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Solutia, Inc. v. FMC Corp.

July 31, 2006

SOLUTIA INC.,
PLAINTIFF,
v.
FMC CORPORATION,
DEFENDANT.



The opinion of the court was delivered by: Pauley, District Judge

Order Denying Reconsideration Nov. 7, 2006

MEMORANDUM AND ORDER

Solutia Inc. ("Solutia") brings this action against FMC Corporation ("FMC") alleging, inter alia, claims for breach of contract, breach of fiduciary duty, negligent misrepresentation and fraud in connection with the parties' joint venture, an entity known as Astaris, LLC ("Astaris"). Solutia moves for partial summary judgment pursuant to Fed.R.Civ.P. 56. FMC moves for summary judgment on all claims or, in the alternative, to strike Solutia's demand for a jury trial. For the reasons discussed below, Solutia's motion for partial summary judgment is granted in part and denied in part, FMC's motion for summary judgment is granted in part and denied in part, and FMC's motion to strike Solutia's jury demand is granted.

BACKGROUND

I. Procedural History

Solutia filed suit against FMC in Missouri state court on October 16, 2003. Thereafter, Solutia filed for bankruptcy in the Southern District of New York. On February 20, 2004, Solutia filed this action in the bankruptcy court and voluntarily dismissed the Missouri action. On FMC's motion, this Court withdrew the reference from the bankruptcy court and assumed jurisdiction over this action. See Solutia Inc. v. FMC Corp., No. 04 Civ. 2842(WHP), 2004 WL 1661115 (S.D.N.Y. July 27, 2004).

In its Complaint, Solutia asserted claims for breach of Section 6.4 of the Joint Venture Agreement between Solutia and FMC dated April 29, 1999 (the "JVA"), breach of the Assignment of PPA Technology Agreement executed by FMC and an Astaris subsidiary on April 1, 2000, and breach of the Asset Transfer Agreement entered into by FMC, Astaris and various of their subsidiaries on April 1, 2000. On March 29, 2005, this Court granted FMC's motion to dismiss those breach of contract claims on the grounds that Solutia lacked standing to sue for damages suffered by Astaris. See Solutia, Inc. v. FMC Corp., 385 F.Supp.2d 324 (S.D.N.Y.2005). The Court denied FMC's motion to dismiss Solutia's claims for breach of Section 17.1 of the JVA, breach of fiduciary duty, negligent misrepresentation and fraud.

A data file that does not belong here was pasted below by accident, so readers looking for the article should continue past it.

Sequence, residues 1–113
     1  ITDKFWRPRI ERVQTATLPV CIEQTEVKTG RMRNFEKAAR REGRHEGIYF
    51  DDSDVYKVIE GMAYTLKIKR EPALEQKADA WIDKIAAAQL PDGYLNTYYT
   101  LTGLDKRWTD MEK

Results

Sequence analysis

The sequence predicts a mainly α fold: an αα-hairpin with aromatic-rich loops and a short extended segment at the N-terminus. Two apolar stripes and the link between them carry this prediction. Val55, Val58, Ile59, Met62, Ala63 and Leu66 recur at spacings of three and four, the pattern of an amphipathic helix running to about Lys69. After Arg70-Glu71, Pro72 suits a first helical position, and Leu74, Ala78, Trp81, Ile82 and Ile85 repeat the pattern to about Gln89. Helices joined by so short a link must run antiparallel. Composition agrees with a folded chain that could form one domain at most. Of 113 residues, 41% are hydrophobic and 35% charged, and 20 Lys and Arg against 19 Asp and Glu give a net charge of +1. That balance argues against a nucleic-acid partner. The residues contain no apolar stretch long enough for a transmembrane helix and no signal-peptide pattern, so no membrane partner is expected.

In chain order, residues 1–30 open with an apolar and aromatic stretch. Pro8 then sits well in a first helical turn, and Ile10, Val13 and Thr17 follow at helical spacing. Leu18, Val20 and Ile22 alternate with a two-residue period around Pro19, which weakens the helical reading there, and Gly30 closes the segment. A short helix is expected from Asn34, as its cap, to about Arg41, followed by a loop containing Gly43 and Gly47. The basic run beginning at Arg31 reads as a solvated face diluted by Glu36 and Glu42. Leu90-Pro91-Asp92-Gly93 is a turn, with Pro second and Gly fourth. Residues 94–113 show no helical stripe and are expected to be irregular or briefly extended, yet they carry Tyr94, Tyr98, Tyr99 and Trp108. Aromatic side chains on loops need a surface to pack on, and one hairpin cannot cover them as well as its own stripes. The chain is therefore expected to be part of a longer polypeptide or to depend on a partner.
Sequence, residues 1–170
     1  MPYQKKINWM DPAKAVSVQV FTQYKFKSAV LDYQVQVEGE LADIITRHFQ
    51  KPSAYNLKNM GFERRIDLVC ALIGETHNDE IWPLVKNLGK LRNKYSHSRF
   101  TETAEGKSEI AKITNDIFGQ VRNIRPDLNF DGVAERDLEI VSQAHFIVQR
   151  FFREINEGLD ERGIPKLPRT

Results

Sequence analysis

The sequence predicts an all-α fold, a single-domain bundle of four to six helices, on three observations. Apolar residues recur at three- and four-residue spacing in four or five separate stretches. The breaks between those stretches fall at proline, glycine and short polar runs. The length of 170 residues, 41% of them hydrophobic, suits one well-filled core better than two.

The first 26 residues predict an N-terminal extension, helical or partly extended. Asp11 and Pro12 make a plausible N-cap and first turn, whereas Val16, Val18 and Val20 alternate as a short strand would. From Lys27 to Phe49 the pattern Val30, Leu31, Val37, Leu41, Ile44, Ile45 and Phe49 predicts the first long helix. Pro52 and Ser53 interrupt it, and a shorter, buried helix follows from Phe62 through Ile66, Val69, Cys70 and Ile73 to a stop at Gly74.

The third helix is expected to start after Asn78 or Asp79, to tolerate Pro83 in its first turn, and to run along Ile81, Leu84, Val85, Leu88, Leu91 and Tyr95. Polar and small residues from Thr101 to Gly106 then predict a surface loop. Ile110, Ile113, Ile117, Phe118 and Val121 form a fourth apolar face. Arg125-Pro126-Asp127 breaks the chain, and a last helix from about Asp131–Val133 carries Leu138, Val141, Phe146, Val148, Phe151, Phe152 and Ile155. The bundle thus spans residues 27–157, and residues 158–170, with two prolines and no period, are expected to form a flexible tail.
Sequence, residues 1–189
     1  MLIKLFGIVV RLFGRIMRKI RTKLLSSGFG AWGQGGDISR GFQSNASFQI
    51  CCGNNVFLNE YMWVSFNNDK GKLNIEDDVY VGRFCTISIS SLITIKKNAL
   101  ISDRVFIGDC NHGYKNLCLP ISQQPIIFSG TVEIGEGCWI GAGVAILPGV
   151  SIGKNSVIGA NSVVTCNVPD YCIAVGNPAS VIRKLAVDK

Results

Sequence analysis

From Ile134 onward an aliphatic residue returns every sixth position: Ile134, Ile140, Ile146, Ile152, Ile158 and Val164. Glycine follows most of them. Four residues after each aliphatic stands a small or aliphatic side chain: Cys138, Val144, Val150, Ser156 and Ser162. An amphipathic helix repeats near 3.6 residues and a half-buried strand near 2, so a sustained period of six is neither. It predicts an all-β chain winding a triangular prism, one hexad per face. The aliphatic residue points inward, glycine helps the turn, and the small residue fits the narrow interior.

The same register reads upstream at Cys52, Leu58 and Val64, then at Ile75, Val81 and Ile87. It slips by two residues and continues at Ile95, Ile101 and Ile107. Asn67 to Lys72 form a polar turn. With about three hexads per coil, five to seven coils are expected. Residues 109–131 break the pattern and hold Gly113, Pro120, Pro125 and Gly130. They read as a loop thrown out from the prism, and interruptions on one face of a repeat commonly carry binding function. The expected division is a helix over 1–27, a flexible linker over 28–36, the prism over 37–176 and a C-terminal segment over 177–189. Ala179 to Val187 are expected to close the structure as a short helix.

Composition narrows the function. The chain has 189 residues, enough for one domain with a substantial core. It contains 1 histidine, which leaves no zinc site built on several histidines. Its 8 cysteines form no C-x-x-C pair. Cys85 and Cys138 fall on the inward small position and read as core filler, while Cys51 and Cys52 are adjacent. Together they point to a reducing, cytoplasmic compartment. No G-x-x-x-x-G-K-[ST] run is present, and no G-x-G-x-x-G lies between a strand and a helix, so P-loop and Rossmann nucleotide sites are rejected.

II. Negotiation of the Joint Venture

This action arises out of a failed joint venture between Solutia and FMC for the production of purified phosphoric acid ("PPA") at a plant in Conda, Idaho (the "Conda Plant"). PPA is an ingredient in many foodstuffs and also has myriad agricultural and industrial applications. Solutia and FMC are publicly-traded corporations that produce chemicals for industrial and consumer use. Prior to their joint venture, both parties were engaged in the manufacture and sale of phosphorus chemical products and competed with each other in various segments of the North American market. (Solutia's Statement of Undisputed Material Facts Pursuant to Local Civil Rule 56.1 ("Pl.'s 56.1 Stmt.") ¶ 1; FMC's Counterstatement of Material Facts on Summary Judgment in Opposition to Solutia's Motion for Partial Summary Judgment ("Def.'s 56.1 Counterstmt.") ¶ 1; FMC's Statement of Material Facts on Summary Judgment Pursuant to Local Rule 56.1 ("Def.'s 56.1 Stmt.") ¶ 8.)